This series is adapted from a paper that I wrote for a youth ministry class in Fall 2010. Posts in this series will appear on Tuesdays for as long as it takes to get through the content in manageable pieces. Enjoy!
Once youth ministry is founded on the theological bedrock of repentance, grace, redemption, and hope, it must then become informed by the cultural concerns that surround the world of young people. In a 2007 book titled UnChristian, David Kinneman unpacked some groundbreaking research from the Barna Group revealing the predominant attitudes and perceptions carried by young people outside the church, particularly those who were relatively recent high school and college graduates. From the very start, the cultural outlook seems grim for those who are still fighting for the love of Christ:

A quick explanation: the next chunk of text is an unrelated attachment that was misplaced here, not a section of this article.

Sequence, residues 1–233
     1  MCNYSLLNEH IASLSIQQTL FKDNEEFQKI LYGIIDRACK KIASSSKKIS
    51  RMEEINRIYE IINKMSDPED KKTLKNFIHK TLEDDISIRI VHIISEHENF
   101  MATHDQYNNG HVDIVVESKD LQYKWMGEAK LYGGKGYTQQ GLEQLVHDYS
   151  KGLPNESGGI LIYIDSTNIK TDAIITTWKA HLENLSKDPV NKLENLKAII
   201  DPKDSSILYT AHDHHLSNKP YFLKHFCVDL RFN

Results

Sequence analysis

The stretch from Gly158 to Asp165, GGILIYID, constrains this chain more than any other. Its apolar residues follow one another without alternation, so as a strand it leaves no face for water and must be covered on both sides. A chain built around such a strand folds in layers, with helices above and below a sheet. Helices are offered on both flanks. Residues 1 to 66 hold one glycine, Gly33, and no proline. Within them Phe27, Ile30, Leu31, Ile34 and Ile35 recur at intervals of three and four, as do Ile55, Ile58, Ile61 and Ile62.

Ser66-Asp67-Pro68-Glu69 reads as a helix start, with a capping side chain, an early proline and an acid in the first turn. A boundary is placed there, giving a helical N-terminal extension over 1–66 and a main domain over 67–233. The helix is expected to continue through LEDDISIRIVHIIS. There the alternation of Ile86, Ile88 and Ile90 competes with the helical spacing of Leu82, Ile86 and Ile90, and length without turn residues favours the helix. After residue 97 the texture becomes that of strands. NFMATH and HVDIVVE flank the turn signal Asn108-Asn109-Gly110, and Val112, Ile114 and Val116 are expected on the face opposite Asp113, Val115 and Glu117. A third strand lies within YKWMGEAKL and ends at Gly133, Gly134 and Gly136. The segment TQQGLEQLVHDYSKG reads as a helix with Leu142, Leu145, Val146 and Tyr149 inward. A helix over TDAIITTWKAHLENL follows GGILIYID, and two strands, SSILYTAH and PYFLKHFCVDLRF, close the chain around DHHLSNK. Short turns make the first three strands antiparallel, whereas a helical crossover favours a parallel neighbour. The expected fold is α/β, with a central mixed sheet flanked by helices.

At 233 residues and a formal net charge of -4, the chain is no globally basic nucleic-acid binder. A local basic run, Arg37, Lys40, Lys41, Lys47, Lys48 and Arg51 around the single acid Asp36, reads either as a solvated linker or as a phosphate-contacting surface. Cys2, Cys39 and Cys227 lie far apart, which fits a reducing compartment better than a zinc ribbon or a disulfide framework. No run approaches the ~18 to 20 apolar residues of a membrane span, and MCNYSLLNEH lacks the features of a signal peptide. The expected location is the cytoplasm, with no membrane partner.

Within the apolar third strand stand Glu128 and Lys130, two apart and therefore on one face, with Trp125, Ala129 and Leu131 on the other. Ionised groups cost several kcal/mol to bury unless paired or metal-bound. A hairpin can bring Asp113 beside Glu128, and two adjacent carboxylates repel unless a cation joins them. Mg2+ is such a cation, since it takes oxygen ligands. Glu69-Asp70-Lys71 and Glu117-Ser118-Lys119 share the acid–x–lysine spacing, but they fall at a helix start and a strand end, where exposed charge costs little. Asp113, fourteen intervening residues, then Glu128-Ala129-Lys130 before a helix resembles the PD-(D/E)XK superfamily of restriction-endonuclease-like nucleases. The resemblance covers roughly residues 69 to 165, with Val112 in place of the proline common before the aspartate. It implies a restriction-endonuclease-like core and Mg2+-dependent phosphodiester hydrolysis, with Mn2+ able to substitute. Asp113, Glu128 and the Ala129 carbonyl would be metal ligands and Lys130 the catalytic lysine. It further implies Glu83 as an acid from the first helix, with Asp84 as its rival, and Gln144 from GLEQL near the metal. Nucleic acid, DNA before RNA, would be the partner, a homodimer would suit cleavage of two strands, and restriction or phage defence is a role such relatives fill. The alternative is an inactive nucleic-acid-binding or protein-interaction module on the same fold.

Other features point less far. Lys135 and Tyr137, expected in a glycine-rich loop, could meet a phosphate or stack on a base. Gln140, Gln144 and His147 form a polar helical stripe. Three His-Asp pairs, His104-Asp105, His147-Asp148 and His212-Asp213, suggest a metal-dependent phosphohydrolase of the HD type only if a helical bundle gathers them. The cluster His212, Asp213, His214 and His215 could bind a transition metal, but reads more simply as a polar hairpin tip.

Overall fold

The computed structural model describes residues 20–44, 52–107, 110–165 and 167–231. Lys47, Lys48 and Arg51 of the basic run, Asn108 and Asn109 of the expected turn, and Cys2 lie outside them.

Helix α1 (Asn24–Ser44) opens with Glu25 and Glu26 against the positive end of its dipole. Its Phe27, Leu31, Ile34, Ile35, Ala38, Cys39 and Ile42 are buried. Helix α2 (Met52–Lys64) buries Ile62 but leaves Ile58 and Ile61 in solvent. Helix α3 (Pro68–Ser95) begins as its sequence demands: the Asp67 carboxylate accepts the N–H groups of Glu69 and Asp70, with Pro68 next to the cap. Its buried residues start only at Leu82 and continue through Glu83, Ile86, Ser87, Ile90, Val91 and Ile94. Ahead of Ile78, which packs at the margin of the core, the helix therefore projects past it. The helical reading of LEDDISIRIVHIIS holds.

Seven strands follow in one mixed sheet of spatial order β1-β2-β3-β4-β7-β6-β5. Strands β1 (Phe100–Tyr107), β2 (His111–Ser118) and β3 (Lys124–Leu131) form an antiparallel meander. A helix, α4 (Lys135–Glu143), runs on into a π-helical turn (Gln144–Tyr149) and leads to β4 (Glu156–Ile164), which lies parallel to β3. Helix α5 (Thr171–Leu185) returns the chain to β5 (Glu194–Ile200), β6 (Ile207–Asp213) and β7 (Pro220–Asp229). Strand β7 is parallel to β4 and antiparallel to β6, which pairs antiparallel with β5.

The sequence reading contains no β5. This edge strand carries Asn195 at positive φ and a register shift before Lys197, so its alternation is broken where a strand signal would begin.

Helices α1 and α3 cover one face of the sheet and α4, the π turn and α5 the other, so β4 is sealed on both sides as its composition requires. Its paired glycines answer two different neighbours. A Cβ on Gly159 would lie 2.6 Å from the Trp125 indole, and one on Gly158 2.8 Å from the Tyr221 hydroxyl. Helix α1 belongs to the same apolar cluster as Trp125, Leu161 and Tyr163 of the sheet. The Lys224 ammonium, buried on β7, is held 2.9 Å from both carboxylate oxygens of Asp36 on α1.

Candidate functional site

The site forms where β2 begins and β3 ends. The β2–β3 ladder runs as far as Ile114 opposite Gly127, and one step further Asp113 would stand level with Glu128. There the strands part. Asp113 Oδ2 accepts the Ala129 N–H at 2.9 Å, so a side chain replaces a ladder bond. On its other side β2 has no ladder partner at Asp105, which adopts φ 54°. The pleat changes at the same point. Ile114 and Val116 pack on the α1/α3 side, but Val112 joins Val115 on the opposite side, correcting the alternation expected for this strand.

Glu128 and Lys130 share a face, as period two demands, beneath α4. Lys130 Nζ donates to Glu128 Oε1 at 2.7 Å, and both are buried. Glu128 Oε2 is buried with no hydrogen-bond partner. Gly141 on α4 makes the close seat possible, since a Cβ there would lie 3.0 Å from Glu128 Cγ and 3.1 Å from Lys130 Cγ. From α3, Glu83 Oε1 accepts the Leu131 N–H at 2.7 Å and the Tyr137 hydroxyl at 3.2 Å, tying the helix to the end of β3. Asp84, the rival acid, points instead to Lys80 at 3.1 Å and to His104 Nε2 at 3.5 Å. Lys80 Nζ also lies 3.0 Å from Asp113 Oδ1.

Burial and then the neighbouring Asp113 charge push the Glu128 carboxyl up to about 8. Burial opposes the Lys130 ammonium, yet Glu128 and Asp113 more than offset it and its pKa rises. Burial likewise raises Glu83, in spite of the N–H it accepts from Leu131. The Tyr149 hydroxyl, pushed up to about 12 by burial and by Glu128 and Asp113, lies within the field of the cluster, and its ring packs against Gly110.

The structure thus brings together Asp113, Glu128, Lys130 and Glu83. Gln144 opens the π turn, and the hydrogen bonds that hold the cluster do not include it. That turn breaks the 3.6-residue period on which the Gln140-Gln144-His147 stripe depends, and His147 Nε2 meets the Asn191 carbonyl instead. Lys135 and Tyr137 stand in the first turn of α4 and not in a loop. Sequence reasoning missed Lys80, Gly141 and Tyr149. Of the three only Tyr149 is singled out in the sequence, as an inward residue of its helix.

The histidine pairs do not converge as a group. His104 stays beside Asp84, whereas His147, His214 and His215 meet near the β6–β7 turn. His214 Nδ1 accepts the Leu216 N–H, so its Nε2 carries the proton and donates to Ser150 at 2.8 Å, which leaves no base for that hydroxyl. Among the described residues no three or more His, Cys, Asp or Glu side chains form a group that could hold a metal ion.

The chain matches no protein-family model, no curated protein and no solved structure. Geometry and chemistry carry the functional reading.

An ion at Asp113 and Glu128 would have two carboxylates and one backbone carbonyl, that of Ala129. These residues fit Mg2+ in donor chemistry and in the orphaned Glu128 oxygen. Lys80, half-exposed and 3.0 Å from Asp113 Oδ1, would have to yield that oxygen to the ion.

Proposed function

Our research shows that many of those outside of Christianity, especially younger adults, have little trust in the Christian faith, and esteem for the lifestyle of Christ followers is quickly fading among outsiders. They admit their emotional and intellectual barriers go up when they are around Christians, and they reject Jesus because they feel rejected by Christians (Kinneman, UnChristian, 11).
According to this study, outsiders’ most common reaction to the faith is that “they think Christians no longer represent what Jesus had in mind, [and] that Christianity in our society is not what it was meant to be” (Kinneman, UnChristian, 15). The study conducted by the Barna Group identified six broad themes present in the attitudes of young adults outside the church. Those six themes are that the church is: hypocritical, too focused on getting converts, antihomosexual, sheltered, too political, and judgmental (Kinneman, UnChristian, 29-30). These are the cultural tides and currents against which present day youth ministry is swimming.